As I donít really have a lot to do for the rest of this year, I thought about writing an article / guide type post for this, but while doing so it became more and more apparent that Iíd rather listen to music and watch Harry Hillís TV burp than put in too much effort, so in place thought Iíd start up a general web tips discussion thread for everyone and anyone to learn, share and discuss hints and tips. After all, there is often more than one way to achieve a particular task.

Most of these could be expanded in to whole individual threads, which I might do next year, but for now, itís an open playing field. For this post, there is no real order in which each entry is placed, Iím just writing as I think.

Search engines

Getting visitors to your web site is probably best achieved via a search engine, as according to many polls (official links welcome) a very high percentage of web site visitors come from a search engine results page.

Tell a search engine your site exists

To let search engines know that your web site exists, many offer a suggest a site type page, which allows you to submit your web address to the database. If you browse to the many search engine web sites (including Google and Yahoo) you should be able to find the relevant pages to send in your web address.

Tell a search engine about your pages

Google created the sitemap XML protocol, which is basically a method for web masters to document their web pages in a format that a search engine can process. The sitemap protocol has been considered highly enough to be separated from Google and adopted by Microsoft and Yahoo as well.

A sitemap file can contain all the web addresses of your web site, as well as a little bit of meta data to detail when each page was last updated, how often the page is expected to be updated, and how important you rate a page against others on your site.

Iím intending on putting together a more details post on adding a sitemap to your web site, but for now you should be able to get all the info you need to create one yourself from the official sitemaps web site.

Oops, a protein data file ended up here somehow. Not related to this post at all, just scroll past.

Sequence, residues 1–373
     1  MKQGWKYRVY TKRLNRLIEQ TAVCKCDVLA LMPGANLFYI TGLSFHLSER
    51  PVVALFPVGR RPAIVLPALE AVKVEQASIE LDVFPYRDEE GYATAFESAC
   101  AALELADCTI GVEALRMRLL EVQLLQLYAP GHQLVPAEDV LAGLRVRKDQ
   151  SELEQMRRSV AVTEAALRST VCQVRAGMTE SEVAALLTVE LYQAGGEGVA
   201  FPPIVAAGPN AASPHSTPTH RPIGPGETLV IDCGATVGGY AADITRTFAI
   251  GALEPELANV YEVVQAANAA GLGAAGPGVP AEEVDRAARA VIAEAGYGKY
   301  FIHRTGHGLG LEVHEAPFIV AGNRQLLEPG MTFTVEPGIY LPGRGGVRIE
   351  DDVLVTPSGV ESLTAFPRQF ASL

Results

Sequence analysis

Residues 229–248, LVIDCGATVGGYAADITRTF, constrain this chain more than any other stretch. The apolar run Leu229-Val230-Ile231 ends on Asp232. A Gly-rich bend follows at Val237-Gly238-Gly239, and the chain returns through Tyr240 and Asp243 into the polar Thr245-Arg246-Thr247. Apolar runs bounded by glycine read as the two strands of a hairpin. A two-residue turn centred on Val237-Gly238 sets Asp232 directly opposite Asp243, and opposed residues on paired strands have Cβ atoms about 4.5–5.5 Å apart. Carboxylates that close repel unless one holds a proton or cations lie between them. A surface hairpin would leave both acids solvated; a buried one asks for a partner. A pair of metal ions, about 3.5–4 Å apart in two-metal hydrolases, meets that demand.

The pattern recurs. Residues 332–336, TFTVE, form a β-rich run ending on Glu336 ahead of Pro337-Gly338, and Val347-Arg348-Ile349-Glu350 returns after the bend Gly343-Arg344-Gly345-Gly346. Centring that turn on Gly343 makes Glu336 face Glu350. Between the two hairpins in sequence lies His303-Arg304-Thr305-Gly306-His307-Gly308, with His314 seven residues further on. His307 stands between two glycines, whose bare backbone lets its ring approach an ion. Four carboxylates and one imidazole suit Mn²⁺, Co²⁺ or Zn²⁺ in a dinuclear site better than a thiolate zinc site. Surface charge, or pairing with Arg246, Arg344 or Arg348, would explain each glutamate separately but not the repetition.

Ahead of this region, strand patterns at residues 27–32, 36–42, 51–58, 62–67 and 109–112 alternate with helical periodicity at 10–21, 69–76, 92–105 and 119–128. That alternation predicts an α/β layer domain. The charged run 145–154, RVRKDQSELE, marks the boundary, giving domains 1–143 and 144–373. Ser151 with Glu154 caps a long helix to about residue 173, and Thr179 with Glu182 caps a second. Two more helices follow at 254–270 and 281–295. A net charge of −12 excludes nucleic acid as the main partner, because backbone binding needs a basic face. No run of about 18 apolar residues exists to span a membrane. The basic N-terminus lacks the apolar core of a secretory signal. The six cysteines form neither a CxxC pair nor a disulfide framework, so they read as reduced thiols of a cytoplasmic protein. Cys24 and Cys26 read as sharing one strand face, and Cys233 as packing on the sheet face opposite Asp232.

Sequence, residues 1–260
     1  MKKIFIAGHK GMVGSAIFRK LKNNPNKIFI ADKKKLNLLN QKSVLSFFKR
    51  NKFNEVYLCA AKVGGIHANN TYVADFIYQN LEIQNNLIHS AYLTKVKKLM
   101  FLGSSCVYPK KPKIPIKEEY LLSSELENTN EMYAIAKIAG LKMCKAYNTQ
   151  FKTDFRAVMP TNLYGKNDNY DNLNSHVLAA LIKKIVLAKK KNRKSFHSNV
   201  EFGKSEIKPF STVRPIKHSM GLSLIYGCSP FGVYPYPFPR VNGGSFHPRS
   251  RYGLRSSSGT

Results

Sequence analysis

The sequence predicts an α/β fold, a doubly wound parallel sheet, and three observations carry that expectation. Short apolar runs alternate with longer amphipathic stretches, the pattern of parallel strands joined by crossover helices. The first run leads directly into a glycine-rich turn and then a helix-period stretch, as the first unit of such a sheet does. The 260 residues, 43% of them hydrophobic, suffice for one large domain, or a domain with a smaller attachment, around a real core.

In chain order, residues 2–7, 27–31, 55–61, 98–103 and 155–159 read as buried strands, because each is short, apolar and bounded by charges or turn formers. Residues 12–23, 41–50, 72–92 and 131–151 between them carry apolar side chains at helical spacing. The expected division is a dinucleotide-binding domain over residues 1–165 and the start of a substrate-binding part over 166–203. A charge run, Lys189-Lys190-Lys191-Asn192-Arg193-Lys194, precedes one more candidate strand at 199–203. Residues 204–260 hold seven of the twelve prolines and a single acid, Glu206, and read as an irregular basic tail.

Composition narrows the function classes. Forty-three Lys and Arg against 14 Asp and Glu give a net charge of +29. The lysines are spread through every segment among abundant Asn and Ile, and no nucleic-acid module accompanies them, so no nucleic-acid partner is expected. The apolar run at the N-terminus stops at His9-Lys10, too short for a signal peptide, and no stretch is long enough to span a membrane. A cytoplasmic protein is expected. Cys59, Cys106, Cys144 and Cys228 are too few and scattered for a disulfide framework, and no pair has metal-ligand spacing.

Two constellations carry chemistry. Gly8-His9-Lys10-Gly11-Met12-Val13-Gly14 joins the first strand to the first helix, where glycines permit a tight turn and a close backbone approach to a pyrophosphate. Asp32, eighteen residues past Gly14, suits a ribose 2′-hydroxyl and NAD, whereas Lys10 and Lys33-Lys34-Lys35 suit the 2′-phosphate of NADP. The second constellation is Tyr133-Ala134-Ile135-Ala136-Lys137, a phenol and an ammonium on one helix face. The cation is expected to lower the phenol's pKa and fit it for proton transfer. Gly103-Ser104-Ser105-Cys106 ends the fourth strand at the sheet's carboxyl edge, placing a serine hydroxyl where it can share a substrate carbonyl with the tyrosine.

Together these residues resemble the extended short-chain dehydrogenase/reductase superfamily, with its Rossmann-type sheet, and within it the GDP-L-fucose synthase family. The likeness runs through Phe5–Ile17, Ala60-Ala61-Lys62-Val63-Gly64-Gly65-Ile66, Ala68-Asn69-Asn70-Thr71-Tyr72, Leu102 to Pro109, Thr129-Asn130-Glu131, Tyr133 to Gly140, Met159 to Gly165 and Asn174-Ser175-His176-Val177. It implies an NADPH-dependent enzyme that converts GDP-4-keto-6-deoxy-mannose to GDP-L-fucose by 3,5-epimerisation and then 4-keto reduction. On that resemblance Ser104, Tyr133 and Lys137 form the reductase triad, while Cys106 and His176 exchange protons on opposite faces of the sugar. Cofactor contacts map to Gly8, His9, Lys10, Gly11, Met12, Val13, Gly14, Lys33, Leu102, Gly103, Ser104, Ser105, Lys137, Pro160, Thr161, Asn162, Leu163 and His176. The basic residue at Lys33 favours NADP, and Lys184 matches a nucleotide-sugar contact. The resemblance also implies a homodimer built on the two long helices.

Other sites linking to yours

If another web site links to your own, this can be classed as a vote of confidence in the content of your site, by the site owner linking to you page. If the web site has a high page rank (which means the search engine considers that web site very good) a link to your own site will be more meaningful than a site that has a low or no page rank.

Google Webmaster Central

Google offer a great resources to web masters, based at the Google Webmaster Central web site. Included is Google Webmaster Tools, which once you sign up and verify your site(s), allows you to see stats of how your sites are doing within Google search results. Such stats include when your web site was last crawled, and which URLs returned errors, allowing you to find old and outdated links and alter them accordingly.

Search results and duplicate content

A very common (and often forgotten) content duplication method is offering your users a printer friendly version of a web page, which may have the site navigation and other irrelevant information deleted from the page, with the main content being formatted for better print results.

This is a welcome feature, but search engines are generally unable to tell which version is the web page and which is the printer version, and may list your printer version on itís results pages above (or in place of) the regular web page version, which you may not want to be the case. To combat this, there are a couple of ways to tell a search engine bot to ignore your printer friendly version when it crawls your web site.

You can talk to a web search engine bot using a small text file called robots.txt, and from this file tell it to ignore certain web directories altogether. For example, if you were to place all your printer friendly pages within the printer directory on your web site, could you use the following code:


User-agent: [B]*[/B]
Disallow: [B]/printer/[/B]


Where the * character means "all bots that follow the robots.txt rules". Unfortunately, not all bots do follow these rules, but the likes of Google, Yahoo and Microsoft do.